Opinion – Are low-cost airlines safe? – Global Times

Logo of Global Times

Logo of Global Times (Photo credit: Wikipedia)

This is an outstanding article from China’s leading newspaper, Global Times. It’s a must read. Check it out!

via Are low-cost airlines safe? – Global Times.

What I particularly liked about this article was the high quality graphical data that was easy to assimilate.

My own view is that the days of the full-service airlines are numbered – as they try to cut costs, like at Lufthansa, then safety will be at risk – all of this is set against dated and ineffective regulation of the air-travel industry.

Simply, budget airlines are the strategically sustainable business model for the future – whereas full-service carriers are doomed, chained by inflexible unions –  the prevailing weakness is airline regulation which is too inclined to protect powerful vested interests, viz. the status quo and not champion consumer interests.


One response

  1. This is an interesting article from Dr Alf and I tend to agree with him about the future of airline travel.

    There will be budget airlines for most people, private jets and Sikorsky helicopters for the wealthy, royalty and plutocrats, plus slightly more upmarket air travel for business travelers above a certain salary band.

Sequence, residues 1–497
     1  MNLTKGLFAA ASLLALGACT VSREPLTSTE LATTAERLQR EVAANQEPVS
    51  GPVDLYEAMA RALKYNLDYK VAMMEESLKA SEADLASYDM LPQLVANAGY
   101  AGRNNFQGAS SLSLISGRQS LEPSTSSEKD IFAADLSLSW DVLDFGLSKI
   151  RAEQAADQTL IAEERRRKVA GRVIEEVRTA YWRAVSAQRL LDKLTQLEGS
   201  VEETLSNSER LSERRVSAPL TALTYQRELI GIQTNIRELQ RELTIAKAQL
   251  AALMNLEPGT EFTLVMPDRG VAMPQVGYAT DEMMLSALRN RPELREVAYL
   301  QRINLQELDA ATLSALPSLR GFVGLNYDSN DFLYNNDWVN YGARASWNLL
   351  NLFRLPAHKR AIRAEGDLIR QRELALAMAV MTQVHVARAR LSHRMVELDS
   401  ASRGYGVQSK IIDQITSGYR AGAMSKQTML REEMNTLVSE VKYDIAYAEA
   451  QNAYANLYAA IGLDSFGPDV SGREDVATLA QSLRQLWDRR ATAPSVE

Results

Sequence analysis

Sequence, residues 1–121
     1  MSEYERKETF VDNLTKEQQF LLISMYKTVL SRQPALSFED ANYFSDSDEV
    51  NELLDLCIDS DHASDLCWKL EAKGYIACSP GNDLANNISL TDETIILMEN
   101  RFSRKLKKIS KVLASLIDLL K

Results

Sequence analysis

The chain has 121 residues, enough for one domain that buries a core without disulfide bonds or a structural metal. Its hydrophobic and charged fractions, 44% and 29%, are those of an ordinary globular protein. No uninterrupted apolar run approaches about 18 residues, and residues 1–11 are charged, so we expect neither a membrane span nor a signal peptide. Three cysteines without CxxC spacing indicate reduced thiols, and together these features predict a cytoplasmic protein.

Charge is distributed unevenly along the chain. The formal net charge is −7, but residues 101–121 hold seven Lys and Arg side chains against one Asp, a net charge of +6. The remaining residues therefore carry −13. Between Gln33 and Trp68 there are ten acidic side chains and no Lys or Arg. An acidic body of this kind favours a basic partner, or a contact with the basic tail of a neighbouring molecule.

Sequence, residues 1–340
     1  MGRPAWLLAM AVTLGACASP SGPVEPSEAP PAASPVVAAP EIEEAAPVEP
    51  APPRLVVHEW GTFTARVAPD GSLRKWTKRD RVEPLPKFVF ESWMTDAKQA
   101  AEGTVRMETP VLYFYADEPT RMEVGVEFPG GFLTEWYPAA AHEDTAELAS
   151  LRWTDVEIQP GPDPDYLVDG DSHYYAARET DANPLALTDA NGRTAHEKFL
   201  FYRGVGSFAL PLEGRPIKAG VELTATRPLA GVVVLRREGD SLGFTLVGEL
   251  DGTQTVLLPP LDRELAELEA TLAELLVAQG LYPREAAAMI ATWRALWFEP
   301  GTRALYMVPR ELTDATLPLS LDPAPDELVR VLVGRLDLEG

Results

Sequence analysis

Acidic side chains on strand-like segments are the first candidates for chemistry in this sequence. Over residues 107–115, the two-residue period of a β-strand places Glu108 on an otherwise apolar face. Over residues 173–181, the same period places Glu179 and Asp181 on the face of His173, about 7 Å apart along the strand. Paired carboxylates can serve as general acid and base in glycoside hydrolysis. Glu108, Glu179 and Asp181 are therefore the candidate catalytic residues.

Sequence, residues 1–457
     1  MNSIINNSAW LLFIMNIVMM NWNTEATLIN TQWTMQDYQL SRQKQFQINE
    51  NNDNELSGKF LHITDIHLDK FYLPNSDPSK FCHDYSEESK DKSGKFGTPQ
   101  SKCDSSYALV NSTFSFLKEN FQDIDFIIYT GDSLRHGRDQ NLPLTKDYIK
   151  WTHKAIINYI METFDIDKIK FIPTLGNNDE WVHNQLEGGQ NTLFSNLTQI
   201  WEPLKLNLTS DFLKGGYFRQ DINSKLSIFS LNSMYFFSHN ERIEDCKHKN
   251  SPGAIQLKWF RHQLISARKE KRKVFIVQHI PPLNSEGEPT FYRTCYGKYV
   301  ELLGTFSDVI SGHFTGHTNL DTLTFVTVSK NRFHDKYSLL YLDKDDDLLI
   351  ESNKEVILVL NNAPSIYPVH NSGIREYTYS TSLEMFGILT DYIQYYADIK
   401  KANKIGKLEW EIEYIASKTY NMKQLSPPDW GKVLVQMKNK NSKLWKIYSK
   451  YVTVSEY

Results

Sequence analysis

The rest along with over-hyped over heavily unionized airlines, like BA, will go the way of the dinosaurs.

    As a person who understands risk, I am unworried about air travel which is one of the safest ways to move about and much more worried about death at the hands of family doctors and NHS hospitals. Train journeys do not worry me unduly, as the old problems of drunken train drivers operating in a stupified condition are now mitigated.

    More worrying is the increase in car drivers, coupled with a failure to make the test harder and eliminate the mentally challenged. Certainly, I have noticed more inconsiderate driving over recent years, which I believe inevitably stems from a drop in the intelligence level of drivers and an increase in the number of drug fueled young people, and slow reacting pensioners who are accidents waiting to happen.

    An IQ test, a stiffer driving test and improved public transport is the key to greater road safety and better bench-marking against best in breed healthcare systems are what is needed to stop/reduce NHS blunders.

    With anyone piloting a plane, driving a train, bus, coach or lorry, their needs to be a program of regular psychological and medical examination by independent medical practitioners but in the end the timing of our demise and the manner of our going is not in our hands.

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